Photo: C & D Frith
Australian Tropical Birds
ENDEMIC Tropical North QLD
Scenopoeetes dentirostris 26 cm
The Tooth-billed Bowerbird is one of 12 bird
species endemic to the Wet Tropics region.
The display court is simple, comprising a low perch
for singing, above an area cleared of litter and decorated with leaves turned
pale surface uppermost.
· Also known as the Stagemaker, the Tooth-billed Bowerbird is endemic and
It is unlike other bowerbirds as the male bird does not build a bower, but
(does not travel far). It lives in the Atherton Region of Australia between
600 and 1400m
he clears a small area of land. This is referred to as his stage or his court.
It is of medium size (24-27cm), olive-brown in colour, and has a dark bill with
notches in it used to cut off leaves for use in decorating his stage.
The male uses the same area of rainforest floor for constructing his stage as the
year before. It is constructed at the beginning of the breeding season from
The stage may be as large as a 4 x 2m clearing.
As decorations, he places fresh leaves with their paler sides turned up (to
greater contrast on the floor of leaf litter and debris) on the ground. He manages
detach these leaves from trees by using a difficult gnawing action through their
Up to 180 small leaves may be collected for a single stage, and the males
compete and copy
each other to find the biggest or most valuable leaves for their
own use. Some birds
prefer large leaves, and those of the wild ginger plant (up to
50cm long) have been seen
used. As leaves dry out, or if they become saturated
from the rain, they will be pushed
aside to form a pile to the side of the stage.
The male also has an extensive variety of calls that can be heard throughout the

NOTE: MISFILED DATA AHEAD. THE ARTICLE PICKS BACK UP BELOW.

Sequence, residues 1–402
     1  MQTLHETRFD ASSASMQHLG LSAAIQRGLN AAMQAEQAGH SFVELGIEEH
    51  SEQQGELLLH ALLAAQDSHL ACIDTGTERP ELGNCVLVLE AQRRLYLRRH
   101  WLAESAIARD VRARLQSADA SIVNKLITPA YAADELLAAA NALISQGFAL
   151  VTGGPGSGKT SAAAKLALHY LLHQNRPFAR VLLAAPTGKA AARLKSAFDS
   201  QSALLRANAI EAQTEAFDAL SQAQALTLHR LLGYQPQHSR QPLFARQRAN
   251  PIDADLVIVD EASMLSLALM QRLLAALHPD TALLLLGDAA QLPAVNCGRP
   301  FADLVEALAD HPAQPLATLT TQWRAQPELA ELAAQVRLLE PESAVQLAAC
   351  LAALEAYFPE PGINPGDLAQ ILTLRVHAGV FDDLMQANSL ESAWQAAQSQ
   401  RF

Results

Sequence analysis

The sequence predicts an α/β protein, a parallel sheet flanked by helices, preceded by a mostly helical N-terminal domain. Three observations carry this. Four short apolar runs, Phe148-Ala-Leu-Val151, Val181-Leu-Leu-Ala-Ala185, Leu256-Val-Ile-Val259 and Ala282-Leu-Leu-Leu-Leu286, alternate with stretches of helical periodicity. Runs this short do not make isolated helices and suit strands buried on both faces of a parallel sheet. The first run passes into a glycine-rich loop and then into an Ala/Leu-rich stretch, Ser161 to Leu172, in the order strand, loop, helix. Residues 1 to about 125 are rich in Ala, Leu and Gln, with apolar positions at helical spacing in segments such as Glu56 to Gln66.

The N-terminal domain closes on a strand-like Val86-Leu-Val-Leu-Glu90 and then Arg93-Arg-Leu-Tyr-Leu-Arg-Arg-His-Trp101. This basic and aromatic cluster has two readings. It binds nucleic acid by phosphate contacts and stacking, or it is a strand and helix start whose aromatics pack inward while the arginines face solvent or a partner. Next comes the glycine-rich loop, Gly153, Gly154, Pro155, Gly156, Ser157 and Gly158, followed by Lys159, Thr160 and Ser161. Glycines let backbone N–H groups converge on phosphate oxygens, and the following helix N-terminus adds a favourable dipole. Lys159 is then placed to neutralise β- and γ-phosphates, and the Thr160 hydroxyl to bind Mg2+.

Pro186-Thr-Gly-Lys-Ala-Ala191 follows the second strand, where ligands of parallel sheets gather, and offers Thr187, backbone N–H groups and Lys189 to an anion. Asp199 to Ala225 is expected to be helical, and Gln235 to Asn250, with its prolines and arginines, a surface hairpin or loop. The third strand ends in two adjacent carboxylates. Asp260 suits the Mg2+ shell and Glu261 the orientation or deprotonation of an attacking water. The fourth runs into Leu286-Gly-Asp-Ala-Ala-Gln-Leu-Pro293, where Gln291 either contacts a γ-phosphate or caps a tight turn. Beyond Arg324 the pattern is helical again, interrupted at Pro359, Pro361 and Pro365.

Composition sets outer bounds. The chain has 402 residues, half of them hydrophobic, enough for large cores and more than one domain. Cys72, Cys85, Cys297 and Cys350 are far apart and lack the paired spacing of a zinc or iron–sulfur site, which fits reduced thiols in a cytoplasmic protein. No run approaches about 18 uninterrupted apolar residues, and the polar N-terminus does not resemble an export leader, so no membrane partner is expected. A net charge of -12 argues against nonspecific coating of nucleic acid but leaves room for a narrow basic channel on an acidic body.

rainforest at this time to attract females. He often mimics other bird species or
within the rainforest. If he cannot hear one of his neighbours calling, he
may raid their
stage and steal their leaves (as this may be quicker than obtaining
one for themselves).
His vocalisations, displays, stage and decorations must all impress visiting
females if he is to gain a partner.
The males form what is known as an exploded lek this is a place where they
all hear each other and try to attract females to mate. They may mate with many
females in the same season (from October to March). Females depart to lay their
(usually 1 to 2) and raise the young alone.
A male may spend 95 percent of the day on average singing from his perch, often
2-3m above his stage.
In winter, the male is inactive and quiet amongst the canopy, and much harder to
see and hear. With no bright patterns on his plumage, he blends in to the canopy.
They eat fruit, leaves, stems, buds, insects and their larvae.
It is observed readily round Chambers Wildlife
Rainforest Lodge, especially during
the breeding season from September to January.
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